• What Is A Colonoscopy?
Colonoscopy is also called a coloscopy.
Colon cancer is also called colorectal cancer.
What Is A Colonoscopy?
Colonoscopy is a diagnostic test that involves examining the large intestines using a flexible viewing tube inserted through the anus. It is used in cases of inflammatory bowel disease (IBD) and in screening for colon cancer. If colon polyps are discovered (small growths on the intestine wall), they will be snipped off and sent to a lab to see if they are precancerous or not. The procedure takes 20 minutes to an hour and the patient is awake, but heavily sedated.
Colonoscopy can also diagnose:
What Is The Difference Between Colonoscopy And Sigmoidoscopy?
The tests are similar, the only difference being which part of the colon is examined. With colonoscopy, the entire colon is investigated (1200 to 1500mm in length). With a sigmoidoscopy, only the first part of the colon (known as the distal portion, about 600mm in length) is examined. While colonoscopy is more accurate, a sigmoidoscopy can suffice as a regular screening tool because colon cancer survival rates only appear to improve when cancer is detected in the distal portion.
To prepare for your test, you need to clean out your colon so that the doctors can view it more easily. To do this, your doctor may ask you to:
You will need to remove all your clothes and wear a hospital gown. Some patients are given a pill to sedate them, others are put on an IV drip to give pain medications. You begin your test by lying on the examination table with your knees drawn towards the chest. The clinician will insert a scope called a colonoscope into your rectum. It will be gradually fed further and further into the colon. The colonoscope has a light and video camera attached and images of your colon will be transferred to a nearby monitor. Air is pumped through the scope to expand your colon, so that it can be viewed more easily. You may feel some cramping and the urge to pass a bowel movement (the laxatives will have emptied your bowels, so don't worry, nothing is left to come out). If polyps are discovered, or the doctor wants to take a sample of tissue for biopsy, other instruments can be inserted through the scope.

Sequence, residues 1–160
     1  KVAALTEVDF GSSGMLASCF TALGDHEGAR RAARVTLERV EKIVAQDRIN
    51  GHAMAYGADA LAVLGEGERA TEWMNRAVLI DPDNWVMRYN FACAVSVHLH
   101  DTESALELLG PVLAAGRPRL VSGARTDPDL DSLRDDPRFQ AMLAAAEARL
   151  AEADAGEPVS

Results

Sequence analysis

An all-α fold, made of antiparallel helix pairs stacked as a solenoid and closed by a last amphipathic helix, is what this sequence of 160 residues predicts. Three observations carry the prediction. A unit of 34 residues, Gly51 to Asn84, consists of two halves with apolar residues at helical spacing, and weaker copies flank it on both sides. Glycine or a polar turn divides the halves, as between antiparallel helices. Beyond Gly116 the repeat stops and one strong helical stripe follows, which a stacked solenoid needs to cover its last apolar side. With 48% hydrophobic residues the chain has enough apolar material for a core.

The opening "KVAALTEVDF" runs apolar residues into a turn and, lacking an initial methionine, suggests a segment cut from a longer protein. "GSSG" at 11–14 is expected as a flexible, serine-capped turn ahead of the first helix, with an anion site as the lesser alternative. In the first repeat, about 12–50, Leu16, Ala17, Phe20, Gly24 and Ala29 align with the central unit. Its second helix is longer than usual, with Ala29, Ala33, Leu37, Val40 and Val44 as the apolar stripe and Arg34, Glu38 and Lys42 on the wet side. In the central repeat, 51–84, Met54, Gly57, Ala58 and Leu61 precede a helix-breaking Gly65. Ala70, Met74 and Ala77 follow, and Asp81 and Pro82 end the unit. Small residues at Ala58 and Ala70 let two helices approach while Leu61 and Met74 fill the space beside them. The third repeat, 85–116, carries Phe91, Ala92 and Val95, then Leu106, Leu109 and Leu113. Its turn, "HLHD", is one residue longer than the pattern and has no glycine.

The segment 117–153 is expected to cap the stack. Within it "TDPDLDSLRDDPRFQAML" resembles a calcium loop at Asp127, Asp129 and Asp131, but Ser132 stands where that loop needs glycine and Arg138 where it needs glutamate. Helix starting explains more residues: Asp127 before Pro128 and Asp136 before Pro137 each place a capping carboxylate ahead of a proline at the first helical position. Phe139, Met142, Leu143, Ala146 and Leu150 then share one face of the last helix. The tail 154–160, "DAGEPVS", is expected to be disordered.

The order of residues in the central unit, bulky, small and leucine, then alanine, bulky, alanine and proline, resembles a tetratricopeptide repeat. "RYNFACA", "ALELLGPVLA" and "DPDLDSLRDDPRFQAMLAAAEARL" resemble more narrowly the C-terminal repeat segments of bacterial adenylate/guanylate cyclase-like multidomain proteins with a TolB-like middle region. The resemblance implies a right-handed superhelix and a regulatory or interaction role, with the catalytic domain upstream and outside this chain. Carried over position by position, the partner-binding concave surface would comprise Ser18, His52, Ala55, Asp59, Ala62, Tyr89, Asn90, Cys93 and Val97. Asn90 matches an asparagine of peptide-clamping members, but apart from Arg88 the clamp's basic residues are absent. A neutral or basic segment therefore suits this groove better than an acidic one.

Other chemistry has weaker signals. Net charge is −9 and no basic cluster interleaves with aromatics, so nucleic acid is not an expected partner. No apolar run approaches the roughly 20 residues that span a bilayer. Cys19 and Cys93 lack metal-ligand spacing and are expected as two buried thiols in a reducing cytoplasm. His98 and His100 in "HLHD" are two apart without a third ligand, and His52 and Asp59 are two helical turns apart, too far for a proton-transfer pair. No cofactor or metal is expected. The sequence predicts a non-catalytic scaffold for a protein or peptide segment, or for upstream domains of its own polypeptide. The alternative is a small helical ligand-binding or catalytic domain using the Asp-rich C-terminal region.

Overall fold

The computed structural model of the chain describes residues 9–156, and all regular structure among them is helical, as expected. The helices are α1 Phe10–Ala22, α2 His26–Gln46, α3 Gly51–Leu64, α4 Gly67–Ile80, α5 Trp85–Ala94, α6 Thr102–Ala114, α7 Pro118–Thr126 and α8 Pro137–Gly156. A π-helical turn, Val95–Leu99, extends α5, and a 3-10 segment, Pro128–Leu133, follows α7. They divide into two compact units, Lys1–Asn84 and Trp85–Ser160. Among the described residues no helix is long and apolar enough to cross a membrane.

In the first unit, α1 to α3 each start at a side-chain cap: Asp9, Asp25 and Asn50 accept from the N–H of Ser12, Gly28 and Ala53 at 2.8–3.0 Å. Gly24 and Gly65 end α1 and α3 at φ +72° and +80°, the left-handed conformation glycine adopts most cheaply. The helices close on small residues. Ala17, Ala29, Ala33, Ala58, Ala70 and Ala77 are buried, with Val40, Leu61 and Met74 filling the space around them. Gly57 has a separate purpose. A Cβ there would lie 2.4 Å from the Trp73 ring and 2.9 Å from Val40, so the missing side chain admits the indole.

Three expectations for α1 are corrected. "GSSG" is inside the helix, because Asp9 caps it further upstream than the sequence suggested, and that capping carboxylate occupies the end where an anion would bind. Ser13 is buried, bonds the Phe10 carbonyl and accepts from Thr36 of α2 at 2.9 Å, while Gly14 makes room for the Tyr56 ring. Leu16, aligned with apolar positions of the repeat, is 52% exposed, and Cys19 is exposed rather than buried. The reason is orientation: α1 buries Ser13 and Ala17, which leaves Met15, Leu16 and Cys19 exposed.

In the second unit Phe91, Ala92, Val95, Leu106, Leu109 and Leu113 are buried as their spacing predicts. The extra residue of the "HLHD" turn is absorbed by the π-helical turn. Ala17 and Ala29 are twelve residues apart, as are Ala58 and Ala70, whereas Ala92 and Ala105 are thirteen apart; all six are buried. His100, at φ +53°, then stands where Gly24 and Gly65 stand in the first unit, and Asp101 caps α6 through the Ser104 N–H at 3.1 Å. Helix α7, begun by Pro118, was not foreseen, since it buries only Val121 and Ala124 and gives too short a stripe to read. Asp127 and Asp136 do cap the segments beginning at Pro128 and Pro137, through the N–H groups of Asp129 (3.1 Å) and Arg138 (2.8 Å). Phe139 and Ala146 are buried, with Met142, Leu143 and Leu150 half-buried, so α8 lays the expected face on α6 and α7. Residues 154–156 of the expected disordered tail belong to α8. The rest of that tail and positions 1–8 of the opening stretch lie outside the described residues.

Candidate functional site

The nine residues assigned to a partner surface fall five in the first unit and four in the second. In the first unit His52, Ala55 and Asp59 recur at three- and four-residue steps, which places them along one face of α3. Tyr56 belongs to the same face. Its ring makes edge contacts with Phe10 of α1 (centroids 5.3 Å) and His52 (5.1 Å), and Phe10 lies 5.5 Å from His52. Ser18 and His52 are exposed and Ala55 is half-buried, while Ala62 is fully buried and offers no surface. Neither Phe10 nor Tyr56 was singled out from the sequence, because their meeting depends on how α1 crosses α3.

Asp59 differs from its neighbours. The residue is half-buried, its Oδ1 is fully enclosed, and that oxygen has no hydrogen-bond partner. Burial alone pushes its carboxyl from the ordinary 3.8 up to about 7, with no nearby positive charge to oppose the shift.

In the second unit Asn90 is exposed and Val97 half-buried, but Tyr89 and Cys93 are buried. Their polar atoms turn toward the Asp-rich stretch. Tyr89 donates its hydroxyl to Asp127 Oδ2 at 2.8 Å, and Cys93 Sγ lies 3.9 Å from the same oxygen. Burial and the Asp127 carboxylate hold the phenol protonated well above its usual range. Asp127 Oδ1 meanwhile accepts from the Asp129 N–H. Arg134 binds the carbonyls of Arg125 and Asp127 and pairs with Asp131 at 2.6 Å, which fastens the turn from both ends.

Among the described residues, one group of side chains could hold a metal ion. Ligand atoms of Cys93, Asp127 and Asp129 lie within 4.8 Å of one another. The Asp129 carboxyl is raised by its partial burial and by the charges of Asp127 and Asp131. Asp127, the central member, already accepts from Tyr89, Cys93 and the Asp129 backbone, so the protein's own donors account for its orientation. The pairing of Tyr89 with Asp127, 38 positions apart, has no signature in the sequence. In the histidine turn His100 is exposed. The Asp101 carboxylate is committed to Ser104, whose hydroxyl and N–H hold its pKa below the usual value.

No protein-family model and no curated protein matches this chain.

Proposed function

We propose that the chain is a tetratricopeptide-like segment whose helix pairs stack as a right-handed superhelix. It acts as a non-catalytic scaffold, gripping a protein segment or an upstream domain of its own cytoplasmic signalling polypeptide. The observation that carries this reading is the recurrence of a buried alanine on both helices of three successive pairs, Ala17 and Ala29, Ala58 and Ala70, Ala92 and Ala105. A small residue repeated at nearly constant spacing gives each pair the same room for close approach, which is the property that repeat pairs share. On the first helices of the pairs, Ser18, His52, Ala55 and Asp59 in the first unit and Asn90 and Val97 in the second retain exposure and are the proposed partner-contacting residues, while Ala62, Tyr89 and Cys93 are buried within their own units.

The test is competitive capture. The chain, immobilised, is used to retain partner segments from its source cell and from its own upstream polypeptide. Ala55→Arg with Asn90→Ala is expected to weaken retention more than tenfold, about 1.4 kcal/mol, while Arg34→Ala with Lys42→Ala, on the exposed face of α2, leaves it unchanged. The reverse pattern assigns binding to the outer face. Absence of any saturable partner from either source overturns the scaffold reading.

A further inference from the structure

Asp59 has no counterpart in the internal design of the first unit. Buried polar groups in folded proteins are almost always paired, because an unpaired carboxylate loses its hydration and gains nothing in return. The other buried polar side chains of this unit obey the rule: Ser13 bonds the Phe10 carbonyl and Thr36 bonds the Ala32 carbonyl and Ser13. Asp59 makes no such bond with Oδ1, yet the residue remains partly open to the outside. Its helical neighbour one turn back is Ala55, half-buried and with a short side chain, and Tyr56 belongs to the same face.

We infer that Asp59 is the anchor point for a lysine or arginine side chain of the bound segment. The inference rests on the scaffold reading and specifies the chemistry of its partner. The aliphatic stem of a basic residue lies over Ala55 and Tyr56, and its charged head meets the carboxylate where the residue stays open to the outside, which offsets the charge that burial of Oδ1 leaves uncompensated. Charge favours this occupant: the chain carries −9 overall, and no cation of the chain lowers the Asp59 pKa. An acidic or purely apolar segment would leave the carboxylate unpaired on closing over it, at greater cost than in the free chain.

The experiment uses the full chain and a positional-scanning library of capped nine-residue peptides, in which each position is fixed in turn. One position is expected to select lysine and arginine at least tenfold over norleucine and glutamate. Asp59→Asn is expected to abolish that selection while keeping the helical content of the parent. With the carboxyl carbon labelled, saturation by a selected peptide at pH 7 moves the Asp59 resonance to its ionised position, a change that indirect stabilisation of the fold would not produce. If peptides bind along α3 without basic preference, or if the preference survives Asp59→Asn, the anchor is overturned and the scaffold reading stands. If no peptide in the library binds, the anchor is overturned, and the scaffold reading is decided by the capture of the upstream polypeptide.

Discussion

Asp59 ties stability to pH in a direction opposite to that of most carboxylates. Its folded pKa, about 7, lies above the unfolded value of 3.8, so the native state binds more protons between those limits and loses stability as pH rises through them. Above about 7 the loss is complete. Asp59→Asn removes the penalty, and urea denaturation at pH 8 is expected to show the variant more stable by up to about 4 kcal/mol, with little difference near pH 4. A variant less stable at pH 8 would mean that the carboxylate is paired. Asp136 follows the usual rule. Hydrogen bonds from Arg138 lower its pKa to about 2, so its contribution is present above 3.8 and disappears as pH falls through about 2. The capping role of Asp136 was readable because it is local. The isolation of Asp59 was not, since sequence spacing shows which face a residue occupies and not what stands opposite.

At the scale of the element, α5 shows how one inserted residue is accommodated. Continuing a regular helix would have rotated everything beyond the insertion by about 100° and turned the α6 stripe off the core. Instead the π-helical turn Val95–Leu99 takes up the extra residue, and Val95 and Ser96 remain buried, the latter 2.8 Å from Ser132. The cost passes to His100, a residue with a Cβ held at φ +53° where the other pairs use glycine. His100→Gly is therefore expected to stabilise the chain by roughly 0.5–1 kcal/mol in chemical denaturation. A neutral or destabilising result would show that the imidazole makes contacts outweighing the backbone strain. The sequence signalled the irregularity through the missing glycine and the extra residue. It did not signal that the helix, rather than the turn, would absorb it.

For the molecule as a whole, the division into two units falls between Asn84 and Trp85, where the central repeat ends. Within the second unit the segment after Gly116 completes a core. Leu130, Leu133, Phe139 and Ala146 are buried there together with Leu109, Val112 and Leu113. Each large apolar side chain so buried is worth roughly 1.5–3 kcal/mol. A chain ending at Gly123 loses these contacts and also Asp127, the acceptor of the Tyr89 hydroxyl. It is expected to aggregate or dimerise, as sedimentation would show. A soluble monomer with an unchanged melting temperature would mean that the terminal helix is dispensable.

No, it does not hurt. The staff will do everything possible to help you relax and feel comfortable. Most patients report feeling 'out of it' because of the sedatives they receive and often say it’s over before they even realize it. Even though you are awake, you may not remember it very well.
After The Procedure
1. You can go home after the exam, but arrange for someone to drive you because it can take a day for the sedative to wear off.
The risk of serious complications are very low (less than 1 percent). The most serious risk is that of gastrointestinal perforation (accidentally puncturing a hole in the colon), which is life threatening and needs immediate surgical repair. Less serious complications include the risk of dehydration caused by taking laxatives before the test. To avoid this, you should drink large quantities of water for a few days before your test.
When To Call A Doctor
The following are early signs of complications after a colonoscopy:
Because many people dislike the unpleasant invasiveness of a colonoscopy, researchers developed an alternative called a virtual colonoscopy (CT colonoscopy). Basically it involves taking a CT scan of the colon from the outside, without the need to insert a colonoscope. A thin tube will be inserted into the rectum to pump gas into the colon to expand it so that better images can be taken, but it is not as invasive as the colonoscope. No sedation is necessary. While better at discovering large knobby polyps than the traditional colonoscopy, the CT colonoscopy is less effective at finding small flat ones. Furthermore, a virtual screening does not allow for the removal of polyps if they are found. In 2008 the U.S. Preventative Services Task Force decided not to support CT colonoscopy for screening of cancer anymore.
Without insurance: The average cost for those who are uninsured is about $3,000. If a polyp is removed, expect to pay an additional $200-$300.
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For more health information, see the following:
• Vaccinations for women: List of recommended vaccines.
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